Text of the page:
A large man in a broken down truck playing deafening yet crystal clear rap music. I imagined different scenarios whereby I would find myself in that car with him, going wherever he’s headed.

An occasional building, more modern, with fences around it and security cameras, with no name or title attached. What goes on in these places?

Sometimes there’s a door left open and, as I pass, I get to project myself into that home and catch a sense of a life unknown and foreign to me. It’s so easy to forget that no matter how small and dilapidated the house, how poor the circumstances, there are people within who, in their heart of hearts, have exactly the same kind of essential aspirations that the rest of us do.

A huge homeless man in front of me, lumbering along like a sauropod, his left index finger the only thing moving quickly. That itchy finger hypnotised me for an entire block before I decided to pass.

And then there’s the palm trees, still vainly trying to convince me of a tropical paradise.

The 10 freeway is like an earthquake when you walk under it. There’s a used car lot under the freeway! One also gets the sense of the slant of the road, pushing the cars around the curve. Just like a race track. I imagine the unspeakable horror of a real earthquake bringing it down.

Psychics in broken down storefronts, neon lights surviving. Somewhere, someone’s making a killing manufacturing neon hands.

A few recollections.  I can confidently say that a flight to a new country, followed by a taxi to my hotel, would not have produced more vivid impressions than did my brief time walking these new streets of a poorer section of LA.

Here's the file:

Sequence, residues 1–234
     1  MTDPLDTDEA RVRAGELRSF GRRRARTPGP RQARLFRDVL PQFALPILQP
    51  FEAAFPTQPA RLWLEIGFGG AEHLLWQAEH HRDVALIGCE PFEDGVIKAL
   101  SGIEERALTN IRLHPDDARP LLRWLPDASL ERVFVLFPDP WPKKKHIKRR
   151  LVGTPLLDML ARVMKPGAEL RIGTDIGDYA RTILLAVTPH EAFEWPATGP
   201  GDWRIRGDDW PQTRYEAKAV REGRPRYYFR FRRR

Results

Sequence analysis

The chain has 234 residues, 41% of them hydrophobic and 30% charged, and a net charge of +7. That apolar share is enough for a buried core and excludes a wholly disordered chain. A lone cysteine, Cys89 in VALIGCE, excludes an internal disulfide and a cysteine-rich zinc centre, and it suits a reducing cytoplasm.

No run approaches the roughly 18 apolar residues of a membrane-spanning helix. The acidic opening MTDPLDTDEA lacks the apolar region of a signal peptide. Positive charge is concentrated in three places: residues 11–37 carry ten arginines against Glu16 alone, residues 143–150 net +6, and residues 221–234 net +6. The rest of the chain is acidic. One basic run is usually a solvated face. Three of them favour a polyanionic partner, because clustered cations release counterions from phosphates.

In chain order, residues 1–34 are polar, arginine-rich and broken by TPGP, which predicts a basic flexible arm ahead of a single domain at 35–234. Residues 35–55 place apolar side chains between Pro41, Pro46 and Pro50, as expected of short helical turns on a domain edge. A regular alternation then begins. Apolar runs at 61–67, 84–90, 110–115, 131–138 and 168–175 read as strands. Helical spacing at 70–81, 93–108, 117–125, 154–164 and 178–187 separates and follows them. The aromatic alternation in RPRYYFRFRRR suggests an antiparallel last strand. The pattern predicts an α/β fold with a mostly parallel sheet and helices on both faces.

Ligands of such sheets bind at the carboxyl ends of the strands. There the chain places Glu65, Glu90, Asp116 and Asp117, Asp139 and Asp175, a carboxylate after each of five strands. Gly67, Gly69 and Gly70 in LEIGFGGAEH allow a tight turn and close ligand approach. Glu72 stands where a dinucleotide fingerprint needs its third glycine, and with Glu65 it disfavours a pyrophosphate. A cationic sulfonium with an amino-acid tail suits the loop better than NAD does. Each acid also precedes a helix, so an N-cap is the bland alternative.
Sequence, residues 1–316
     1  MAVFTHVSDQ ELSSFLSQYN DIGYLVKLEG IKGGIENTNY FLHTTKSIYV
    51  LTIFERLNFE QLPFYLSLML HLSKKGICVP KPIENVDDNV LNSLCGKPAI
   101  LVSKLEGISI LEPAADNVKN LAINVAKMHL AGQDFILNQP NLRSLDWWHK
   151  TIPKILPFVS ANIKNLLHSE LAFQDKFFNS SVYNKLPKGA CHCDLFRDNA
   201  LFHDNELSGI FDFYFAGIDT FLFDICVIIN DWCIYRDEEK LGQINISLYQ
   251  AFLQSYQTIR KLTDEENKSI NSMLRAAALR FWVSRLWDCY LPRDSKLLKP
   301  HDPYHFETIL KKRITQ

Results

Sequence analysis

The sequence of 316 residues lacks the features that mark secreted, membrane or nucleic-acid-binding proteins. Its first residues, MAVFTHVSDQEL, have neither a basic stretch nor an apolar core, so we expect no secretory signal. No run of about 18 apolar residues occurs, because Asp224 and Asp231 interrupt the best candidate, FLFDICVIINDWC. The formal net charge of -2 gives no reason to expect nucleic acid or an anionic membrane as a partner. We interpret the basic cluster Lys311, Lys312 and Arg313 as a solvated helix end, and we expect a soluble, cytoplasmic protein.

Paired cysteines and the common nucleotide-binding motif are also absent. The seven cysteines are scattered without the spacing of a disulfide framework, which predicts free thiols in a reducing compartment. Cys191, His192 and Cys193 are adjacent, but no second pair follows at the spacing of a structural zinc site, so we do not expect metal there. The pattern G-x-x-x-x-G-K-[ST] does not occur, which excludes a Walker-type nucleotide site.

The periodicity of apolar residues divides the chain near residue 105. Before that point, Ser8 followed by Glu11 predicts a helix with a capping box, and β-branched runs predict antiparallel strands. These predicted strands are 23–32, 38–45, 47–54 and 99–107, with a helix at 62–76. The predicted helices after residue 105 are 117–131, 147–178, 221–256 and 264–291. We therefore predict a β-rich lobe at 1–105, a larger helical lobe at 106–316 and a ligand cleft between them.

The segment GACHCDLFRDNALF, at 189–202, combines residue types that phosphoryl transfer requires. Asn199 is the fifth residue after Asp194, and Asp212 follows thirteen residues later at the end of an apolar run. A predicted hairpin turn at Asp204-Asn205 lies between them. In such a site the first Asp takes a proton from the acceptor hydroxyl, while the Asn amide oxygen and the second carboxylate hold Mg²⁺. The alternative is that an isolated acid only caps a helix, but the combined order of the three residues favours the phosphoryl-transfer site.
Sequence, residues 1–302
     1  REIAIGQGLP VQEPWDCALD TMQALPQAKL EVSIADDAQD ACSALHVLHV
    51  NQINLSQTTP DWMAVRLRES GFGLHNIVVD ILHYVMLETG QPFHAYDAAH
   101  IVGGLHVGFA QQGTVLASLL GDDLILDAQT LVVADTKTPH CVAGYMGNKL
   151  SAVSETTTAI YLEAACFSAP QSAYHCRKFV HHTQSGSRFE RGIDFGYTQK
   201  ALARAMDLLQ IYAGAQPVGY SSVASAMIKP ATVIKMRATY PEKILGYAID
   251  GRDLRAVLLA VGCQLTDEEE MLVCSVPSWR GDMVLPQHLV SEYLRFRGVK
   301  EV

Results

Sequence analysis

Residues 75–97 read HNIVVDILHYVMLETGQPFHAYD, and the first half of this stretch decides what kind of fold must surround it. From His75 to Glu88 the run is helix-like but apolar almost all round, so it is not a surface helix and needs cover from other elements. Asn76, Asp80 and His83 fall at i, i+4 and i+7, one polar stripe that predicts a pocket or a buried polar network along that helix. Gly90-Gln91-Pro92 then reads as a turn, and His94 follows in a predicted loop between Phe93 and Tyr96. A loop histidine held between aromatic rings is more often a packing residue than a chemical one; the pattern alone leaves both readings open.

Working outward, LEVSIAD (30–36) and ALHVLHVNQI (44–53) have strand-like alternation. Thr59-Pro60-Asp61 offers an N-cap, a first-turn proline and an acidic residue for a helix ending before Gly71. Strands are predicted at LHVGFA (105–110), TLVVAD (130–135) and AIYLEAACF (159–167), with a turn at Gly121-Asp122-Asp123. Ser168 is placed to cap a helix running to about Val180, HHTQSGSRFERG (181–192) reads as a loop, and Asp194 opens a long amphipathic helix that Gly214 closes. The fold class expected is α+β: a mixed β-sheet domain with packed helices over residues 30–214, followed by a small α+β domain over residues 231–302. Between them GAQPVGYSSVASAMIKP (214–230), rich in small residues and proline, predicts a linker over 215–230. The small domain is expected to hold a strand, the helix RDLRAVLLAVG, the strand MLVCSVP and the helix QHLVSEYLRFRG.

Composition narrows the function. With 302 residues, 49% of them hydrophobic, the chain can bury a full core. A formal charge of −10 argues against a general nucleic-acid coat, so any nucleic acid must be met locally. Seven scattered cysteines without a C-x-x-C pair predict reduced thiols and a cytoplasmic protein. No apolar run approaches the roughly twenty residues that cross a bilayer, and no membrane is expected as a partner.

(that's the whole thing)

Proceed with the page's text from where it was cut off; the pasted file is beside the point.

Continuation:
I’d be betraying the theme of this post today if I said that I didn’t feel a great sense of contentment and satisfaction upon arriving at my destination. I did.

But I also felt just a hint of sadness that the journey, the adventure, was over. This is why we travel: new adventures, new tastes, a chance to place ourselves in new surroundings and be changed.

In the age of technology, it’s more important than ever to find it in our daily lives.

Every day.


§ 3 Responses to EARNING THE ARRIVAL

  • John D says:

    M – this is the best piece you’ve written here that I’ve read. It’s the first draft of a potential magazine/newspaper article. Tying in your grandparents journey gives it gravitas. Very nice.

    Interesting remark about the 10 freeway. During the large 1994 Northridge earthquake, the 10 freeway DID collapse, at the junction with Fairfax Ave (close to where you were walking, I assume). The earthquake hit at about 4:00 am…the only thing that saved many lives. There’s a story on its rebuilding here, in which the contractor famously earned a $14 million bonus.

  • Anjali says:

    This is beautiful, and so true! It’s so easy to forget to actually be PRESENT when we’re flying/running/speeding from one place to another, and definitely in L.A., where walking to Culver City from Los Feliz is as strange to people as riding a pogo stick from Los Angeles to Vegas. I love how you encourage people to see the world, Marc. More more more please!

  • Lucretia says: